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Four Just Men of Pathein (Asiaweek)


November 10, 2000

Four Just Men of Pathein

While the generals post golf titles, real honor belongs to those in
the gulag

Recently I was in Pathein (pop. 150,000), Myanmar's fourth-largest
city. I wanted to go there because I had already been to the nation's
three other major centers -- Yangon, Mandalay and Mawlamyine --
and also because it receives relatively few visitors from the outside
world. I thought it would give me an unblemished glimpse of provincial
life in Myanmar. As the crow flies, Pathein is only 150 km west of
Yangon, but the road is narrow and potholed and, when I went, made
worse by monsoon rains. The drive took a bone-jarring five-and-a-half

Checked into the Pathein Hotel, I strolled over to the clubhouse of
the adjacent golf course. There the preponderance of military names
on the honors boards intrigued me. In 1984, the Captain's Cup was
won by Brig.-Gen. Than Shwe, then the Pathein-based southwest
regional commander, and now -- as Senior General -- Myanmar's
supreme leader. Winner in 1998 was Brig.-Gen. Shwe Mann, the
current regional commander. Other names were Gen. Saw Maung,
junta head before Than Shwe, and current deputy prime minister,
Maj.-Gen. Tin Hla.

Absent from the honors boards were Nyunt Hlaing, Hla Kyi, Tin
Chaw and Kyaw Min. On May 27, 1990, these four Pathein members
of the National League for Democracy were elected to parliament.
But, like the other 388 victorious members of the NLD, led by
Aung San Suu Kyi, they were not allowed to take their seats. Of
Nyunt Hlaing, now 55, I knew little. He had won a scholarship to
study in the Soviet Union. After returning home he earned a
master's degree in "fishery," understandable perhaps in this river
town. He worked at Mandalay University before entering politics
through his trade union activities, which led to his arrest in 1988
and from which he was forced to retire a year later. I daresay his
name will never go on this honors board.

Shortly before I went to Pathein, I had paid a one-day visit to
Mandalay, partly for the opening ceremony of the northern city's
new international airport. Unfortunately our chartered flight arrived
late and we entered a deserted terminal. Two jumbos flew in for the
occasion, from Thai Airways and All Nippon Airways; but neither
international  airline, nor any other, plans to use the new facility.

Of course, some international airlines will eventually stop at
historic Mandalay. But Tin Chaw, 65, is as likely to travel with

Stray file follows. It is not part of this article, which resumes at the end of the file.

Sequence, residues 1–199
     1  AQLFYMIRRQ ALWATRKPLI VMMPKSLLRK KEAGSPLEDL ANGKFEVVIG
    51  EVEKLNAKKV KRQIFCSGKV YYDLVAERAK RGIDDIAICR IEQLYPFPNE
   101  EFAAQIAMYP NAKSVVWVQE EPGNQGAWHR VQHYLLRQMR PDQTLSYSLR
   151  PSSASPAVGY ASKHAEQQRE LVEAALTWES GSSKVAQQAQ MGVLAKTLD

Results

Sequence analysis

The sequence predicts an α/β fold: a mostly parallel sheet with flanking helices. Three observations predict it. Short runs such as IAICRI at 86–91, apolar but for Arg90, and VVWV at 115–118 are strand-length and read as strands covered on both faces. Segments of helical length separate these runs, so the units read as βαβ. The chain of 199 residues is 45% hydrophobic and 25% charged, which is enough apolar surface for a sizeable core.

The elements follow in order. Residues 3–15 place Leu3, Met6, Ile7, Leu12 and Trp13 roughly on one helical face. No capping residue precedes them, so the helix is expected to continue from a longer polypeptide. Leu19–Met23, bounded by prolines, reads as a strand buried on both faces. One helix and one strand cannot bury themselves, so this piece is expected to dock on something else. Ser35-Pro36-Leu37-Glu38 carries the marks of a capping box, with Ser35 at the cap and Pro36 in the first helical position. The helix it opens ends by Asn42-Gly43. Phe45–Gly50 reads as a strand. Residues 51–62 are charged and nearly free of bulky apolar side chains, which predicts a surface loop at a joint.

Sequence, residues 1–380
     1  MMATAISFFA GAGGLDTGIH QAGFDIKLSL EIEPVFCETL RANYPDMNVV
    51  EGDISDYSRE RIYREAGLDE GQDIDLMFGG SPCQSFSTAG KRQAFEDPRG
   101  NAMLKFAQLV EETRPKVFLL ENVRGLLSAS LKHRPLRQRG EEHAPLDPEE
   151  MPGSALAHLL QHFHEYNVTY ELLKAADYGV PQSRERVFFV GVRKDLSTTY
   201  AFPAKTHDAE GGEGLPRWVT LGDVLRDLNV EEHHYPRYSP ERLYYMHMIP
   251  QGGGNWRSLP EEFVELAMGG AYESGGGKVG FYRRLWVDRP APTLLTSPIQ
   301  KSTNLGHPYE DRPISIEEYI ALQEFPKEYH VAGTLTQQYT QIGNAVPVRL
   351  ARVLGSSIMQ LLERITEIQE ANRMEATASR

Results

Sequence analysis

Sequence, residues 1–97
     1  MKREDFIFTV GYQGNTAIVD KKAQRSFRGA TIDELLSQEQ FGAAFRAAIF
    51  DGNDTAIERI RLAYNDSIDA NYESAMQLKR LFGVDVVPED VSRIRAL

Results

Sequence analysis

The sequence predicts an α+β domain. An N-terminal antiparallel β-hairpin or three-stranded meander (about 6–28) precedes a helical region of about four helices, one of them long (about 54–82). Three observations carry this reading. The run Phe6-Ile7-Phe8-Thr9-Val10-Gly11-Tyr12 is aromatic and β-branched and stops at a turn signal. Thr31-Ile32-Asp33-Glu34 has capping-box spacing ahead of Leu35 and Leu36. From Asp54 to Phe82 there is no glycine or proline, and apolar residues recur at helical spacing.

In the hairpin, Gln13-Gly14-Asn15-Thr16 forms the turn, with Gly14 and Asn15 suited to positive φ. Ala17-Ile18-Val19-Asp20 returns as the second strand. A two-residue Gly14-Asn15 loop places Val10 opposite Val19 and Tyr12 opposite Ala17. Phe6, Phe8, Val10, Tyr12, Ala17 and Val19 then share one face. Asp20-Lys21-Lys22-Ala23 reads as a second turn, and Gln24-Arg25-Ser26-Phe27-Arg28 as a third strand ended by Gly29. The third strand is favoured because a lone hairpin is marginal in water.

them as he is to take his seat as the duly elected member for
the constituency of West Pathein 1. He is a former school
principal,  and until he joined the NLD and entered politics 12
years ago, was head of the West Pathein Education Department.
Still, he may take some comfort from the reopening of the
University of Pathein. On the evening I was there, students
crowded the teashops near the campus gates, chatting, reading,
flirting and listening to noisy music as students everywhere do.
I, too, had been listening to some special music just before I
went to Mandalay. At the Thailand Cultural Center in Bangkok,
the visiting Novosibirsk Theater of Opera and Ballet had put on
a stunning performance of Carl Orff's Carmina Burana, one of
my all-time favorite compositions. After the finale, the audience
gave the company a standing ovation.

Sadly, Kyaw Min, 66, will never see such a concert. Soon after
his election victory in the West Pathein 2 constituency, the
American-trained architect and former lecturer at Yangon's Institute
of Technology was detained by the authorities. Released a year
later, he was arrested again in 1996 and placed in Yangon's
notorious Insein Jail, along with several other NLD colleagues.
For him,  unheard melodies must, we hope, remain sweeter.

At the time I attended the Novosibirsk company's performance,
I was midway through reading a fabulous new book, In Siberia,
by Colin Thubron. It is an account of his 24,000-km journey
across Siberia and has a section on Novosibirsk. I recommend it
to anyone who thinks there are no new frontiers. But it is not a
book Hla Kyi, 55, is ever likely to read. Winner of the East
Pathein 2 seat, he remains the NLD's treasurer and chief organizer
for the Ayeyarwady Division around Pathein. Hla Kyiwas taken away
by the authorities on Sept. 27 and his whereabouts are  unknown,
says colleague Maung Maung Gyi (a 78-year-old MP-elect, himself
only recently released from 18 months' detention).

This is Myanmar's gulag: NLD members disappear and their families
are not told where they are for days or weeks, and then they have
only  very limited access to them. But we must hope that one day
soon these four just men of Pathein will be able to take their seats
as elected members of parliament. And that they will be able to read
and travel and listen to music like other civilized people.